Are Fake Christmas Trees Safe For Cats

It’s almost that time of year where you’re starting to get festive. The seasons are starting to change and the leaves are starting to fall from the trees. It’s time to put up the Christmas tree and this is your first year with your new furry cat friend. Do you want to know if fake Christmas trees are safe for cats?

The short answer is, Yes. Fake Christmas trees are definitely safe for cats.

As a cat person who has had everything from fake to real trees, I’d like to shed some light on the subject and give you some ideas as to what to expect and how to handle your cats being around fake Christmas trees.

What if my cat eats my fake Christmas tree?

This is actually not that serious of a concern as you may think. Most, if not all, fake Christmas trees are made from non-toxic plastics so if they are ingested they won’t present much harm. Cat’s are curious creatures and while they may nibble at your tree or the ornaments strung on the tree, they usually don’t make it a habit of eating plastic.

If your cat is prone to eating things they shouldn’t be eating, please check out my other article on cats that eat odd things like hair.

What if my cat knocks over my fake Christmas tree?

Surprisingly enough, this is probably the MOST pressing and real concern you should have. Cats love climbing trees and fake trees are no exception. I’ve definitely seen Max launch himself into my real tree as if he were some kind of flying squirrel in a forest. 

While you can do everything in your power to discourage your cat from climbing your trees, there isn't much you can do to prevent them from getting into mayhem when you’re away at work.

My recommendation:

Always ensure you follow proper installation instructions and ensure that your tree is properly secured to the floor with weighted sandbags or anything that will keep the tree from falling over if your cat decides to jump in the tree.

Cats are very agile creatures and its not likely that knocking over a tree would present any harm to them, but it is definitely a pain in the ass to have to re-decorate your Christmas tree because the cat wanted to play kitty daredevil.

What if my cat bites the cords or lights?

This is a concerning behavior that I think you should address outside of the realms of holiday decorations. If your cat is chewing on cords, then they are likely to chew on any available cords around the house and this could spell disaster. Christmas tree lights are built with fuse breakers that cut the power through the cord in the event that a child or pet was to chew through them.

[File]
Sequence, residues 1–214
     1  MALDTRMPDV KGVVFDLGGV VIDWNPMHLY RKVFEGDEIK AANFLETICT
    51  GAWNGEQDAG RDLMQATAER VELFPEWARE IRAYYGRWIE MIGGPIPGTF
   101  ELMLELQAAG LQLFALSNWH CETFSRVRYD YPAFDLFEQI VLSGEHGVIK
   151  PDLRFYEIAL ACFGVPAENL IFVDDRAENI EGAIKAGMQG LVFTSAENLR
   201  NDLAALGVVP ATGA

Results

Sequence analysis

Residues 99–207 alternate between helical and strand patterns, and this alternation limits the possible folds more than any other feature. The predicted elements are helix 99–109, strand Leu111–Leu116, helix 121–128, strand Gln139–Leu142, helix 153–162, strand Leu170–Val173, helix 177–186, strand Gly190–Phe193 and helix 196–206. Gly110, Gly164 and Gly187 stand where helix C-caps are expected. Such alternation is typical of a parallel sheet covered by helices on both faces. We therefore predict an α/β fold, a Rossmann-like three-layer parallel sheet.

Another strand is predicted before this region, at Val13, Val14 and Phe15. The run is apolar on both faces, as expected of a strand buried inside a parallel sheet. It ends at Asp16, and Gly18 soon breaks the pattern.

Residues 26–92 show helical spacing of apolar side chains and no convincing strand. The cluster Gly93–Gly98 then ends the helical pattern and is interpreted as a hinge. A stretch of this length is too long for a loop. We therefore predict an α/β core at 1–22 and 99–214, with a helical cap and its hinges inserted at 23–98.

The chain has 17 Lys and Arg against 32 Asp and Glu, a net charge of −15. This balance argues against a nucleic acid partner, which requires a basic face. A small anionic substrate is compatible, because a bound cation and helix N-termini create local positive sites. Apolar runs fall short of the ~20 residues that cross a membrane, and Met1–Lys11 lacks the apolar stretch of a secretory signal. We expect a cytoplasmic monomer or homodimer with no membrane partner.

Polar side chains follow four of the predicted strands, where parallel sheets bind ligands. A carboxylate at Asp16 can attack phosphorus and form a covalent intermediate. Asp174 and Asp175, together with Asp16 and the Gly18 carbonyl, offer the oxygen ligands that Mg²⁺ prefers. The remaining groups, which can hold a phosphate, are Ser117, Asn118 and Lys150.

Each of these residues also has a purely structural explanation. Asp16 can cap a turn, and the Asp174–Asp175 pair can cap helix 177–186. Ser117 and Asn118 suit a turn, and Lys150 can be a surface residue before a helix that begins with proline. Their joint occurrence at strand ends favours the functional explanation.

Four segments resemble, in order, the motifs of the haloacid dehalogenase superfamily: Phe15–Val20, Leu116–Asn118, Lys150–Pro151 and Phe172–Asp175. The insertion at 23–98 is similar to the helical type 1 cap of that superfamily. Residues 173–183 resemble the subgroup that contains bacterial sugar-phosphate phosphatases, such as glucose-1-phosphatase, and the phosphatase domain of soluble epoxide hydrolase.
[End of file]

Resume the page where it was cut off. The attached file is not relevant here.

My recommendation:

If your cat is chewing on electric cords, coat them in hot sauce with a small paintbrush. Cats are very sensitive to hot foods and this will surely make them think twice about putting their mouths on any future electrical cords.

Introduce your cat to your fake Christmas tree

At the end of the day, your cat is going to be curious by this newfound tree sitting in your home. Imagine if you came home one day and there was a mini statue of liberty sitting in your living room. You’d be curious about it as well.

Tips for your cat and your fake tree:

  • Bring them over to the tree and sit them down by it. See what your cat does and observe them. You’ll be shocked that most cats really don’t want much to do with the tree.

  • Install the tree while your cat is around. If they see you building it then they’ll normalize its presence. This will also give you a great idea of how the cat will behave around the tree.

  • Don’t install low hanging ornaments that your cat can easily reach. Swinging ornaments and flashy balls that are hanging within their reach is a recipe for your cat to be encouraged to get into mischief.

  • Avoid bird-related ornaments if possible. I used to have doves in my tree. Max removed EVERY SINGLE ONE. He’s a cat and I put his natural prey in a tree. It should be expected that he might react in an instinctual way and grab one of the birds.

  • Use plastic ornaments instead of glass. This will help when your curious cat decides to put their paws on some of the decorations.

Wrap up

If you use some simple prevention and common sense, you should be fine. Most cats are strong enough to knock a tree over and cause any bodily harm to themselves, but they can definitely make your tree messy by pulling off the decorations.

If you want to go with the solution of keeping your cat away from the tree entirely, you can always use a few hidden air cannons to scare your kitty from ever approaching the tree.